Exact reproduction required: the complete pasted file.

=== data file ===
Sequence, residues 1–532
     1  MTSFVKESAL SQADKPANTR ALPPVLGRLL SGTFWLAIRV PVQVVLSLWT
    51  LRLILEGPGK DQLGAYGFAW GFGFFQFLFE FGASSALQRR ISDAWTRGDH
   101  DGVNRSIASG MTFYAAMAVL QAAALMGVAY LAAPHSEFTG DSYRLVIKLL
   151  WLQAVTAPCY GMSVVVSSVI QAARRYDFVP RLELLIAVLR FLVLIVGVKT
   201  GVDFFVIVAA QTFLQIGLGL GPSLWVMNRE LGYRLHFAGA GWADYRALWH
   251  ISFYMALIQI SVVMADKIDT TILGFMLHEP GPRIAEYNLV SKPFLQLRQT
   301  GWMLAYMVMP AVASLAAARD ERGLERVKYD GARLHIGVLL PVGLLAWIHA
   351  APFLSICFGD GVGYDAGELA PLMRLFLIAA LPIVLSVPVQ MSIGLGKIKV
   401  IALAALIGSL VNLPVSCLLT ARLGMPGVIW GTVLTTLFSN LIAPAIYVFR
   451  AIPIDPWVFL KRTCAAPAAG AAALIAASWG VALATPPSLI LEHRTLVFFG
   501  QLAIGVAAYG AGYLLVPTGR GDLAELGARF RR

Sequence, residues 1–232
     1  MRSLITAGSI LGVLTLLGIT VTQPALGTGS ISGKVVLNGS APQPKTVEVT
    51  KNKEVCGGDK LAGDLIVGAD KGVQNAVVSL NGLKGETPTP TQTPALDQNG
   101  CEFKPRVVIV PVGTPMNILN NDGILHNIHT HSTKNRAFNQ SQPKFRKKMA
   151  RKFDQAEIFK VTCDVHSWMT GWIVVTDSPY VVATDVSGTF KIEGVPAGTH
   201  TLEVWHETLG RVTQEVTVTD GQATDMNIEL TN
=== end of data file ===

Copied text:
Sequence, residues 1–532
     1  MTSFVKESAL SQADKPANTR ALPPVLGRLL SGTFWLAIRV PVQVVLSLWT
    51  LRLILEGPGK DQLGAYGFAW GFGFFQFLFE FGASSALQRR ISDAWTRGDH
   101  DGVNRSIASG MTFYAAMAVL QAAALMGVAY LAAPHSEFTG DSYRLVIKLL
   151  WLQAVTAPCY GMSVVVSSVI QAARRYDFVP RLELLIAVLR FLVLIVGVKT
   201  GVDFFVIVAA QTFLQIGLGL GPSLWVMNRE LGYRLHFAGA GWADYRALWH
   251  ISFYMALIQI SVVMADKIDT TILGFMLHEP GPRIAEYNLV SKPFLQLRQT
   301  GWMLAYMVMP AVASLAAARD ERGLERVKYD GARLHIGVLL PVGLLAWIHA
   351  APFLSICFGD GVGYDAGELA PLMRLFLIAA LPIVLSVPVQ MSIGLGKIKV
   401  IALAALIGSL VNLPVSCLLT ARLGMPGVIW GTVLTTLFSN LIAPAIYVFR
   451  AIPIDPWVFL KRTCAAPAAG AAALIAASWG VALATPPSLI LEHRTLVFFG
   501  QLAIGVAAYG AGYLLVPTGR GDLAELGARF RR

Sequence, residues 1–232
     1  MRSLITAGSI LGVLTLLGIT VTQPALGTGS ISGKVVLNGS APQPKTVEVT
    51  KNKEVCGGDK LAGDLIVGAD KGVQNAVVSL NGLKGETPTP TQTPALDQNG
   101  CEFKPRVVIV PVGTPMNILN NDGILHNIHT HSTKNRAFNQ SQPKFRKKMA
   151  RKFDQAEIFK VTCDVHSWMT GWIVVTDSPY VVATDVSGTF KIEGVPAGTH
   201  TLEVWHETLG RVTQEVTVTD GQATDMNIEL TN